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How can you be prepared for PCB prototyping to be built?

By:PCBBUY 05/30/2023 14:12

PCB prototypes are early samples of products built with the sole purpose of testing design ideas to see if they work. Although most prototypes, in general, are made to test basic user functionality, engineers require somewhat, if not entirely, functional PCB prototypes to check the complete functionality of designs.


Detect design flaws early in the production process before you invest significant capital

Cost-effectively test multiple designs

Get an accurate portrayal of how your board will function


In this passage, you can get all the basic information about rapid prototyping PCB assembly. If you are looking for the professional knowledge about rapid prototyping PCB assembly, please check and read the content below for more.

If you want to order PCB product, please check and custom your order online. 


How can you be prepared for PCB prototype to be built?


When building a printed circuit board, there are a few things that you should complete before you submit your design for prototyping:


PCB hole size tolerance Proof of concept: A design proof of concept must be fully developed with the circuitry already tested on a breadboard or through simulation. With the circuitry verified on your POC, you’ll spend minimal time testing the prototype, saving on expenses, and possibly additional redesigns.


Ready for manufacturing: Your PCB layout should be complete and ready for manufacturing, including adherence to the design for manufacturing (DFM) requirements. You’ll probably be making board changes to a prototype design to incorporate minor corrections and enhancements, and the last thing you want is to completely redesign the board for mass-production. This would consume more time and expense, and likely require another prototype to re-verify the testing.


Good component choices: Many times a prototype design is rushed through production to test the functionality of the circuitry. Such a choice is understandable but can create problems if care wasn’t taken in selecting the components for the board. For circuit boards that will be mass-produced for a long period, they must have PCB components that won’t be discontinued unexpectedly. Finding secondary market replacements for components that have gone end of life (EOL), or redesigning the board to accept new parts can be expensive and time-consuming.


Complete documentation: Make sure that your PCB design is well-documented for its fabrication and assembly, including a complete bill of materials (BOM). This will mitigate delays or manufacturing mistakes and give the contract manufacturer something to work with if new documentation needs to be generated later.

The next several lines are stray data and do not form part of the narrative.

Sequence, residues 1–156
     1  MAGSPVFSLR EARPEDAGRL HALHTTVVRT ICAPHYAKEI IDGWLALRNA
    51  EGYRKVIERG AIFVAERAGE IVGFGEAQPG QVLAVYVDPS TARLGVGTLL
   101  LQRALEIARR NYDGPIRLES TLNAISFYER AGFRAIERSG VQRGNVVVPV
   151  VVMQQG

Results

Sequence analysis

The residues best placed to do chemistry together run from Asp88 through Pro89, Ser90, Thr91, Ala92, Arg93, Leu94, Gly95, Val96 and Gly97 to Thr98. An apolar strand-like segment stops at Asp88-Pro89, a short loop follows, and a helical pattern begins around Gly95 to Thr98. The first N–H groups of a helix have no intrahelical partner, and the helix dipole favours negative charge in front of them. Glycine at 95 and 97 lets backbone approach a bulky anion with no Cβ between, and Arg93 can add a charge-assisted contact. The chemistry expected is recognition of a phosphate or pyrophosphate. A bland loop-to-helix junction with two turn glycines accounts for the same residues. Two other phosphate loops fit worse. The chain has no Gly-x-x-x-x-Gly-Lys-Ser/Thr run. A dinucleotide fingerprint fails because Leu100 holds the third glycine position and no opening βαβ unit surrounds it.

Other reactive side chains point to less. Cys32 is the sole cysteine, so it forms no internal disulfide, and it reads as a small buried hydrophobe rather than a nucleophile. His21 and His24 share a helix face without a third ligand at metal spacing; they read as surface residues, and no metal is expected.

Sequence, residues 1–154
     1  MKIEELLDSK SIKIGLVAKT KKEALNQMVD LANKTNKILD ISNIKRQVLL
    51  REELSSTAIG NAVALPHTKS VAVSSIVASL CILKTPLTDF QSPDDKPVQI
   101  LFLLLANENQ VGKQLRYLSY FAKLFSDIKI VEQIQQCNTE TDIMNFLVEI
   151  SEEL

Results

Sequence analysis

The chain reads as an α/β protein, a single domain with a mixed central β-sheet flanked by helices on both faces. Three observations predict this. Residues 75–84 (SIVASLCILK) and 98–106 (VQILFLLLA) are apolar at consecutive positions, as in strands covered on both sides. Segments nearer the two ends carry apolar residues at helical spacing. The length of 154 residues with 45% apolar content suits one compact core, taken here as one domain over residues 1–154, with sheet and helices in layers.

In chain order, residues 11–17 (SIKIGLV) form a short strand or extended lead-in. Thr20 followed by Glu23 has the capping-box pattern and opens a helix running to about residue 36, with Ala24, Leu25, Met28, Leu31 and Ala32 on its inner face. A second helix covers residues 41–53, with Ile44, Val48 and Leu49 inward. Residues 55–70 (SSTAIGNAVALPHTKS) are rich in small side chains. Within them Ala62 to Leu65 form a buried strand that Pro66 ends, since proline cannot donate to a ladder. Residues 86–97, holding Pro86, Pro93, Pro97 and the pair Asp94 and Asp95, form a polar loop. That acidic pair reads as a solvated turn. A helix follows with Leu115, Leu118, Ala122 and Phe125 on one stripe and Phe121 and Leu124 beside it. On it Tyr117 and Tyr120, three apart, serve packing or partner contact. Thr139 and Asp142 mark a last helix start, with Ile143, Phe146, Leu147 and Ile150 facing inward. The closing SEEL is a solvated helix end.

How to process the PCB prototyping?


Manufacturing is different from designing


The design of your PCB might look good on paper or a computer screen - but it can be an entirely different story when it comes to manufacturing it.


For example, there may not be sufficient tolerances between tracks on the board, which later on in the process could result in the circuit shorting out. Or perhaps the design includes a number of components positioned closely together, each with a different thermal mass. Achieving a quality solder joint on each of these components without heat damaging the rest of the circuit board requires expert process engineering skills.


If you are manufacturing a double-sided PCB, there are other factors to consider. Adopting this approach can allow you to fit more components into a limited space or to keep down costs. However, you will need to ensure that, where possible, your largest components are all placed on one side of the board and that this side is passed through the oven second. Otherwise, you risk these components falling off the board. You can use glue to hold down particularly difficult parts, but this requires additional manual work.


Although the design and manufacturing of a printed circuit board assembly can be generalized as schematic capture, PCB layout, and circuit board fabrication and assembly, the details of each step are very involved. We’ll take a look here at some of the more specific aspects of each of these steps.


Before you can start the design of the board within the CAD tools, you have to make sure that you have the library parts to work with first. For the schematic this means creating logic symbols for the parts that you will be working with; resistors, capacitors, inductors, connectors, and integrated circuits (IC’s). With these parts ready for use, you can then begin to organize them on the schematic sheets within the CAD tools. Once the parts are roughly placed, you can then draw in the lines of connectivity between the pins of the schematic symbols.


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